when: ansible_facts.fqdn != inventory_hostname
  ignore_errors: True

The warnings show up as fatal errors, followed by ...skipping, and a count of the number them will appear in the PLAY RECAP as ignored=N.

e.g.

TASK [mytask: Check hostname matches entry in ansible/hosts] ***************
fatal: [myhost]: FAILED! => {"changed": false, "msg": "Warning: Expected hostname to be 'myhost' but was 'myhost.my.example.com'"}
...ignoring

PLAY RECAP *************************************************************************************
myhost   ok=0    changed=0    unreachable=0    failed=0    skipped=0    rescued=0    **ignored=1**

Credit: https://medium.com/opsops/how-to-print-warning-from-a-task-3286ebb39f40

9

Based on your question it seems like you may want to fail the playbook if you don't trust the supplied URL but to answer your question about generating

[WARNING]: <supplied text>

messages the only way I know of to do this is by either your own ansible module or by a plugin.

Your module or plugin would make the URL comparison you described and issue an appropriate message.

In an ansible module the module object that you create has a warn function that you call like: module.warn('your text')

In a plugin, your code will generate a Display object and that object will have a warning function that you call like: display.warning('your text').

If your goal is simply to have an ansible purple warning message vs what you can generate via the debug module this seems like a lot of work.

0
1

I have managed to accomplish this, the answers by @daniel-ashton helped me a lot.

You must have/create library and filter_plugins folders in your playbook folder or into the role folder.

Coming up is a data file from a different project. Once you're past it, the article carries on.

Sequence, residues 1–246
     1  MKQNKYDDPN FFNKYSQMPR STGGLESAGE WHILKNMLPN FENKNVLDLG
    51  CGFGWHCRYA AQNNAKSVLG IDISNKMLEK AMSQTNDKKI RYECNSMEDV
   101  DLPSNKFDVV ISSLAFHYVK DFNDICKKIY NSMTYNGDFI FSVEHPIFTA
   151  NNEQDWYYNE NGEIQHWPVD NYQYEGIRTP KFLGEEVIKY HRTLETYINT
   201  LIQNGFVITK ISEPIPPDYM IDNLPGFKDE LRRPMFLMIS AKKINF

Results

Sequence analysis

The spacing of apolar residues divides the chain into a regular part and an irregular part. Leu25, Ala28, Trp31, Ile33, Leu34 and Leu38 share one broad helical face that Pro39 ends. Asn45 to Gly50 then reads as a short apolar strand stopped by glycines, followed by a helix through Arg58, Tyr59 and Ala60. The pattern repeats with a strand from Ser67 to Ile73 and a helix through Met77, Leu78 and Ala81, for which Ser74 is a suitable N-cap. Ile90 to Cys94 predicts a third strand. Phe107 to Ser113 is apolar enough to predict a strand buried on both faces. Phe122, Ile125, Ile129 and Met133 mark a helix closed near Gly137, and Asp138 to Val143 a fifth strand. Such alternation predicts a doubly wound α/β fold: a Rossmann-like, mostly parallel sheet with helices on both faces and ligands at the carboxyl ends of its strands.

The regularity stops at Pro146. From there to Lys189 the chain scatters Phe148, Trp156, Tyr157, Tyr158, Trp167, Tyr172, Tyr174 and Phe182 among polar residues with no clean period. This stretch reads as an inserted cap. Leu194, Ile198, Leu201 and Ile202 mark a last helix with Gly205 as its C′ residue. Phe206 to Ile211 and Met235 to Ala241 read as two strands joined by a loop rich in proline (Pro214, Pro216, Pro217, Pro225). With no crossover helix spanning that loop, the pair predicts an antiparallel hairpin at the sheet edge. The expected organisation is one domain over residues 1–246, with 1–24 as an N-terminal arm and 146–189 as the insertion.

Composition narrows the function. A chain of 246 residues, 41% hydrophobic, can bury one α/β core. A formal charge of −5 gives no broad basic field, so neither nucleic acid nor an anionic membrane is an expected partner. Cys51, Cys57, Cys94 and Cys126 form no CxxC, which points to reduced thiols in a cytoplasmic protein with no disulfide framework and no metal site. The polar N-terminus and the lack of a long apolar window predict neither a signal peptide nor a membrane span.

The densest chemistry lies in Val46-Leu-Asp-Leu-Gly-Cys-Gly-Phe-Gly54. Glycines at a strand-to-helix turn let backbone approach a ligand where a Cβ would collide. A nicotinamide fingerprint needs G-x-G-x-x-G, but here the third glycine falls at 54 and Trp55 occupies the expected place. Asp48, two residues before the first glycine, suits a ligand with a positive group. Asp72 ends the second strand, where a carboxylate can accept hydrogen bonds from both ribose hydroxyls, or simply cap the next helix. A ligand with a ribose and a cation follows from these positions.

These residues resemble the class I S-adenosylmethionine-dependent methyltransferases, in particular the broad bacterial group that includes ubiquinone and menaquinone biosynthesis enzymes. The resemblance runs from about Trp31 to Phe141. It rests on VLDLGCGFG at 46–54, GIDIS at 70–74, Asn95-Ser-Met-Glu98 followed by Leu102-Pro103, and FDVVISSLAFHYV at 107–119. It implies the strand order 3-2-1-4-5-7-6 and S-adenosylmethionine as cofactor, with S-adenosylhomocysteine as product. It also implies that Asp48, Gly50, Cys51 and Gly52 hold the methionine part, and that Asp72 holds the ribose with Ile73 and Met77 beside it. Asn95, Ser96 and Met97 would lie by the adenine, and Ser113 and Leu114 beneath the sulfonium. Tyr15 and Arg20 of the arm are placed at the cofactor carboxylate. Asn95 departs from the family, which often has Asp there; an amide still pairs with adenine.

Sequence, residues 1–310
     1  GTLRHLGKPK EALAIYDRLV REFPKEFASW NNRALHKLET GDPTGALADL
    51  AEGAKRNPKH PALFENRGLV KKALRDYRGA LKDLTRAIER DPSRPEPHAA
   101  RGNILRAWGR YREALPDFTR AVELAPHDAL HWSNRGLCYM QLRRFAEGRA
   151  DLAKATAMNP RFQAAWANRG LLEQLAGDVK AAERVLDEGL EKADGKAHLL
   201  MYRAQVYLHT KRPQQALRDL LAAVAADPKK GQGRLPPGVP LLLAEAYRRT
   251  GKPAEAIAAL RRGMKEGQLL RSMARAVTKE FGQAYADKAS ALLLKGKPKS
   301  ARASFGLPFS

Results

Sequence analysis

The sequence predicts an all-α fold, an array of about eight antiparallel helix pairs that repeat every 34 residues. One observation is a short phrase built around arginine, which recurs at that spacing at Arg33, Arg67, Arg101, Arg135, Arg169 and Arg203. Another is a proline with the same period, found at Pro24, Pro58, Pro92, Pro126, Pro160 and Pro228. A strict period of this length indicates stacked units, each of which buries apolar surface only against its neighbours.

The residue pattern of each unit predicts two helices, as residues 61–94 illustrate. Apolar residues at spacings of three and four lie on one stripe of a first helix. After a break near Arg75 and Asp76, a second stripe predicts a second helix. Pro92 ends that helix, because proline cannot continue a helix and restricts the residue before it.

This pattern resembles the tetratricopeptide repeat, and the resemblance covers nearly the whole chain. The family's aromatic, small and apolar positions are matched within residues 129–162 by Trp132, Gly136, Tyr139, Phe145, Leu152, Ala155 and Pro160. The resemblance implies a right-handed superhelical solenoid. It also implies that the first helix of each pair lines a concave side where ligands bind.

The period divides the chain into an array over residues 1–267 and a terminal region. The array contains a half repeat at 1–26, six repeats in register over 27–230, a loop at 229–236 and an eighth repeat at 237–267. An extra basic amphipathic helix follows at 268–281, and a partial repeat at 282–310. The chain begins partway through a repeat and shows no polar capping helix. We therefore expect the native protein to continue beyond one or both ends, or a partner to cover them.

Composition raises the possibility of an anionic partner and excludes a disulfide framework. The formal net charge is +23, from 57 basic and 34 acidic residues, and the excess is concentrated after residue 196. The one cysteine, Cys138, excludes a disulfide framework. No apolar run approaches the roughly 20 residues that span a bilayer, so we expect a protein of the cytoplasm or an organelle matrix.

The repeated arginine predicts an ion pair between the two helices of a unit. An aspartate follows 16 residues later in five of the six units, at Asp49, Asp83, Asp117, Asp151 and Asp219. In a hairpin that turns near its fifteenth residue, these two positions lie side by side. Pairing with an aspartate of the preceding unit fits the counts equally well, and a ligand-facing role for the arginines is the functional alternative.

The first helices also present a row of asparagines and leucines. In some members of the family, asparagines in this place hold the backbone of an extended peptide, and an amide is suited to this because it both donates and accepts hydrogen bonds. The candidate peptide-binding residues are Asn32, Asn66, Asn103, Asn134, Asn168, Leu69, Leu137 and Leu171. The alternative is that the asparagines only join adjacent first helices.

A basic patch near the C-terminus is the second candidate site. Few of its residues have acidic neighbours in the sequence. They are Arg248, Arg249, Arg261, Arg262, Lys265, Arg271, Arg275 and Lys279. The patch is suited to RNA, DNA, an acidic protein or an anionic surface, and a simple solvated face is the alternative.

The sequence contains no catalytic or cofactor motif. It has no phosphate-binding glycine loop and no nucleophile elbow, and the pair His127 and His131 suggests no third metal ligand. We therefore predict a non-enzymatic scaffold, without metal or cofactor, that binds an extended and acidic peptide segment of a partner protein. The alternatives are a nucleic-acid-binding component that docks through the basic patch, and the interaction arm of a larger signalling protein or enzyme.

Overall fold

Create library/noop.py:

#!/usr/bin/python
from __future__ import (absolute_import, division, print_function)
__metaclass__ = type
from ansible.module_utils.basic import AnsibleModule

def run_module():
    module_args = dict(
        noop=dict(type='list', required=True)
    )
    result = dict(
        changed=False
    )
    module = AnsibleModule(
        argument_spec=module_args,
        supports_check_mode=True
    )
    module.exit_json(**result)


def main():
    run_module()


if __name__ == '__main__':
    main()

and create filter_plugins/warn_me.py:

#!/usr/bin/python
from ansible.utils.display import Display

class FilterModule(object):
    def filters(self): return {'warn_me': self.warn_filter}

    def warn_filter(self, message, **kwargs):
        Display().warning(message)
        return message

Set a var or fact named eg. bypass_folder_warn, such as: bypass_folder_warn: Folder check bypass enabled, make sure you know what you are doing.

Then add a task in you playbook or role task file like this:

- noop:
    noop: '{{ bypass_folder_warn | warn_me()}}'
  delegate_to: localhost
  when: bypass_folder_check

Result is:

TASK [myrole : noop] ********************************************************
[WARNING]: Folder check bypass enabled, make sure you know what you are doing
ok: [localhost]

The WARNING message is printed in standard Ansible purple color as desired.